It happens frequently (at least to me) that I write answers to questions and the original asker not only doesn't mark my answer as answer (which is reasonable) but also doesn't comment at all, giving me the idea that his question was not so important and the time I used to answer is question was a waste of time.
Sometimes answering questions is an activity that takes time: I think this effort should be respected by the original asker, who at least should mark the answer as "read" to give the minimum satisfaction to the ones who answers.

A flag marking the answer as "read" without the need to comment further, at least to let the answerer know that what he did was read.

Thanks for your time to read this (I'll read all the answers :-) ).

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    Why do you care? Is lowering someone else's reputation really going to make you feel better about your contribution? And consider that your answers might be helping other people besides the person who asked the original question. That's really the point hereā€”to accumulate a database of high-quality programming-related questions and answers for future Internet searchers. I struggle to imagine why it even matters to you if the original asker ever reads your answers. – Cody Gray Feb 20 '12 at 9:41
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    This would only increase noise-to-signal ration. Sometimes there really isn't anything to comment (except implicit thanks, which I express with an upvote). – Goran Jovic Feb 20 '12 at 9:43
  • @Cody I'm not interested in "punishing" the asker, but I'd like to have a system that gives the idea that the asker is interested in answers to his own question. It should also improve tha quality of the questions by showing that the effort to find a solution is going on... – Andrea Antonangeli Feb 20 '12 at 9:45
  • Unless you've already provided a solution... Stack Overflow is not in the business of micro-managing askers. There's no mechanism for forcing users to upvote answers, to accept answers, or any other such thing. Yes, these behaviors are encouraged, but they're entirely optional, and that's entirely by design. Sorry you don't find this personally fulfilling. – Cody Gray Feb 20 '12 at 9:47

You have to be aware of one very important design principle of Stack Exchange:

Ask and answer questions, keep noise away.

That does not only mean that Stack Exchange does have 65% more question per question, but it also tries to concentrate on the main goal of asking and answering questions. Comments are mainly considered noise on the main sites (metas are different), comments should not be necessary, neither should a 'read' flag be necessary.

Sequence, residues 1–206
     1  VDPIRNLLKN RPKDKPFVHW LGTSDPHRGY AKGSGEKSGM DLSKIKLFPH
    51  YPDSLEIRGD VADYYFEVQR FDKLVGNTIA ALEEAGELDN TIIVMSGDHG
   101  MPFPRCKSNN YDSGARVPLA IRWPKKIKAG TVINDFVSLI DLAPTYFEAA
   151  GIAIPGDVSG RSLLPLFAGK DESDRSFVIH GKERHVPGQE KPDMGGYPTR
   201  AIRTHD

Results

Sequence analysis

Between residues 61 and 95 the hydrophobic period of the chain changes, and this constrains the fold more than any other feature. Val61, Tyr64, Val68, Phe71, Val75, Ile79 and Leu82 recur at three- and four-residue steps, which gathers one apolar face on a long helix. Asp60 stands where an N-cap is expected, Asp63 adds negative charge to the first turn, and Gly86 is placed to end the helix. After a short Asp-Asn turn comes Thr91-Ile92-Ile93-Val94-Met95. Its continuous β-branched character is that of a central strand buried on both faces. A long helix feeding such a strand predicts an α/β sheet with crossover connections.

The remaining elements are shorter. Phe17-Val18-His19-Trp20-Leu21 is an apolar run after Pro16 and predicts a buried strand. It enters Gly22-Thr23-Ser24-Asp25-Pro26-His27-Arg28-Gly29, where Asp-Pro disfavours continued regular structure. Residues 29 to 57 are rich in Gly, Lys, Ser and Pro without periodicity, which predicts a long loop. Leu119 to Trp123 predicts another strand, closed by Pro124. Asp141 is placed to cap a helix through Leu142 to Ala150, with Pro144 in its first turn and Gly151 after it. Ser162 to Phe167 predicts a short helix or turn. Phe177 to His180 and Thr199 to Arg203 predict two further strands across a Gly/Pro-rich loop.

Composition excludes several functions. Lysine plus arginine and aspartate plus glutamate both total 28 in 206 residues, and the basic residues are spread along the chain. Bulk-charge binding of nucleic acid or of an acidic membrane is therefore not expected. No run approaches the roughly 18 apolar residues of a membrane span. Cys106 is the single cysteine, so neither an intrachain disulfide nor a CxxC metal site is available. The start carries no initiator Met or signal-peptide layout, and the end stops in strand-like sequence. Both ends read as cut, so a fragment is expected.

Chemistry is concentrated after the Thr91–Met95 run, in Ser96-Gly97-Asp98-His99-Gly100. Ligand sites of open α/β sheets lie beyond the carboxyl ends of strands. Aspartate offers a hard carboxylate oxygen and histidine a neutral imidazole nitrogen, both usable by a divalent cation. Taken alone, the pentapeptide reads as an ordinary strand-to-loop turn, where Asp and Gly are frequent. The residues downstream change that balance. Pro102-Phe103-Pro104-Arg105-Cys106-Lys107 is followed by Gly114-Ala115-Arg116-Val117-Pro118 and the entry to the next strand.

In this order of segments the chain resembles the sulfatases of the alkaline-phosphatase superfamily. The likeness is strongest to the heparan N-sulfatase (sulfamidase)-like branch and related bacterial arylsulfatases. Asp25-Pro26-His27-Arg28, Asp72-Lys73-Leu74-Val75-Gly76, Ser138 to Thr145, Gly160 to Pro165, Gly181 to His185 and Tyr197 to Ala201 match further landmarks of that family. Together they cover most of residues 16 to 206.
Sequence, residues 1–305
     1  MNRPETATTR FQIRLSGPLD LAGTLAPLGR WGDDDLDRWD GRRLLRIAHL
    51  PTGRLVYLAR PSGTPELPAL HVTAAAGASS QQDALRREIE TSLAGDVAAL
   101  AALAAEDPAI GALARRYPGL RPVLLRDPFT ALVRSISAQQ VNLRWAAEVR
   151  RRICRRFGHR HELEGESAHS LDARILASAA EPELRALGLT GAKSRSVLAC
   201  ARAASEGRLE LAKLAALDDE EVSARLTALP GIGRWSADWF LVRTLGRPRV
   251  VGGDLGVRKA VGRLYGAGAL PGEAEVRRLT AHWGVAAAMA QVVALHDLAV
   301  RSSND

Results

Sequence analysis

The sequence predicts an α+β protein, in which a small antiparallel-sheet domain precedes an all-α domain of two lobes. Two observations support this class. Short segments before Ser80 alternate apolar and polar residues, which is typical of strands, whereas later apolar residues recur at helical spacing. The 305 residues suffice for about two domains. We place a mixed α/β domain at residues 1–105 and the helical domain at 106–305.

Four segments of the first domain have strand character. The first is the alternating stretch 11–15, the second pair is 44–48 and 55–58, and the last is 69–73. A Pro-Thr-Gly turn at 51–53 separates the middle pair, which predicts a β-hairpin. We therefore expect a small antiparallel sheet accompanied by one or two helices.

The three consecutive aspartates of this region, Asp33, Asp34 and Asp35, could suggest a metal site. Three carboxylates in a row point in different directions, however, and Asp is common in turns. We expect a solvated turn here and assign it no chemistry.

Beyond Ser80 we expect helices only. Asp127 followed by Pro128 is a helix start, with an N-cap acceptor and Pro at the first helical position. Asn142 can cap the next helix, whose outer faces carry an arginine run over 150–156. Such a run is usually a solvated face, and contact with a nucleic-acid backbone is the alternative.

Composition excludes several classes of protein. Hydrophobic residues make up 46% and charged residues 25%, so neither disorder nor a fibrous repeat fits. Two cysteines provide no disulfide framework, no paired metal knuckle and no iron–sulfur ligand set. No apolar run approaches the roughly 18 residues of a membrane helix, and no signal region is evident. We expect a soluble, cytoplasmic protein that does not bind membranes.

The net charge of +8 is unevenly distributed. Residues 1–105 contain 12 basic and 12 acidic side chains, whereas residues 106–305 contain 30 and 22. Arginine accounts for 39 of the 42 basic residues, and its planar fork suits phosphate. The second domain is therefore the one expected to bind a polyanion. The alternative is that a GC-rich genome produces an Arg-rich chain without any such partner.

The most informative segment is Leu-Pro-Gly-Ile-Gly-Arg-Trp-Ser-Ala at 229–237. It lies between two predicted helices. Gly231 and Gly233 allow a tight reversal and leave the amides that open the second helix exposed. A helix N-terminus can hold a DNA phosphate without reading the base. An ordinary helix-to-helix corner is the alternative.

The best 'read' flag I can think about is an upvote. Sure, there are users which are not coming back to their questions, or do not upvote answers...but why should you care? You wrote an answer, you contributed knowledge to a constantly growing pool of knowledge. It's the same as at Wikipedia, there are no upvotes over there, there are no 'thank yous' or 'I read that' over there...there are just people writing down their knowledge. To the same here, and if you receive upvotes and reputation for it, it's a nice side-effect.

There are enough users which value every single contribution, you'll receive upvotes, you'll receive attention in time. It does not come instantly, it does not come easy, but it will.

  • This is a good answer to my question :-) – Andrea Antonangeli Feb 20 '12 at 9:48
  • @AndreaAntonangeli: And yet you did not upvote it. ;) – Time Traveling Bobby Feb 20 '12 at 9:52
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    I need 15 reputation to do it :-) – Andrea Antonangeli Feb 20 '12 at 9:53
  • @AndreaAntonangeli: Seriously? I didn't know that there's a limitation on answers on your own question in place...that smells odd. oO' I'm considering filing that as bug. – Time Traveling Bobby Feb 20 '12 at 10:07
  • Seriously: I can't upvote your answer. – Andrea Antonangeli Feb 20 '12 at 10:10
  • @AndreaAntonangeli: In that case I apologize for the snarky undertone despite the smiley and will do some research on that matter. Thanks. – Time Traveling Bobby Feb 20 '12 at 10:26
  • no need to apologize. I really like the design of the various sites and I'm here to help improving them (for what i can). – Andrea Antonangeli Feb 20 '12 at 10:50

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